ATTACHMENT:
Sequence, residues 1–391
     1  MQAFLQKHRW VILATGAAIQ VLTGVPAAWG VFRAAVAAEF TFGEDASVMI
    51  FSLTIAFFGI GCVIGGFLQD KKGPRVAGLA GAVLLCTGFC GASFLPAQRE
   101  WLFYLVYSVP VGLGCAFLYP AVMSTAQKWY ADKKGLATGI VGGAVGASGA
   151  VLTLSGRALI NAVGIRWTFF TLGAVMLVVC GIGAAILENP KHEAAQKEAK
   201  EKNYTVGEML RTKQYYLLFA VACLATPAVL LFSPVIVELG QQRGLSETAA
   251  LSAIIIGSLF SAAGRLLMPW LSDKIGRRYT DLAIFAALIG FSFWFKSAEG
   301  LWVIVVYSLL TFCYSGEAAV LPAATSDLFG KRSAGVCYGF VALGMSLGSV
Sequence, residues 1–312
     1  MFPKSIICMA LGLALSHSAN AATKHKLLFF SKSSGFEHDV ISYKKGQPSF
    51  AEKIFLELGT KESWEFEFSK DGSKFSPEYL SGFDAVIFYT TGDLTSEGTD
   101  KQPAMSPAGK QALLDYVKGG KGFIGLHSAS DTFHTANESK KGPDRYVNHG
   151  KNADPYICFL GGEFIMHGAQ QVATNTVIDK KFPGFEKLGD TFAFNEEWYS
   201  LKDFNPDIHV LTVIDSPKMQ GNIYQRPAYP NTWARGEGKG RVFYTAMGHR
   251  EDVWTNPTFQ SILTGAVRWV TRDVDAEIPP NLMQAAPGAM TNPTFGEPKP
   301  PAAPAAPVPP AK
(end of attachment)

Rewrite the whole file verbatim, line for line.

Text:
Sequence, residues 1–391
     1  MQAFLQKHRW VILATGAAIQ VLTGVPAAWG VFRAAVAAEF TFGEDASVMI
    51  FSLTIAFFGI GCVIGGFLQD KKGPRVAGLA GAVLLCTGFC GASFLPAQRE
   101  WLFYLVYSVP VGLGCAFLYP AVMSTAQKWY ADKKGLATGI VGGAVGASGA
   151  VLTLSGRALI NAVGIRWTFF TLGAVMLVVC GIGAAILENP KHEAAQKEAK
   201  EKNYTVGEML RTKQYYLLFA VACLATPAVL LFSPVIVELG QQRGLSETAA
   251  LSAIIIGSLF SAAGRLLMPW LSDKIGRRYT DLAIFAALIG FSFWFKSAEG
   301  LWVIVVYSLL TFCYSGEAAV LPAATSDLFG KRSAGVCYGF VALGMSLGSV
Sequence, residues 1–312
     1  MFPKSIICMA LGLALSHSAN AATKHKLLFF SKSSGFEHDV ISYKKGQPSF
    51  AEKIFLELGT KESWEFEFSK DGSKFSPEYL SGFDAVIFYT TGDLTSEGTD
   101  KQPAMSPAGK QALLDYVKGG KGFIGLHSAS DTFHTANESK KGPDRYVNHG
   151  KNADPYICFL GGEFIMHGAQ QVATNTVIDK KFPGFEKLGD TFAFNEEWYS
   201  LKDFNPDIHV LTVIDSPKMQ GNIYQRPAYP NTWARGEGKG RVFYTAMGHR
   251  EDVWTNPTFQ SILTGAVRWV TRDVDAEIPP NLMQAAPGAM TNPTFGEPKP
   301  PAAPAAPVPP AK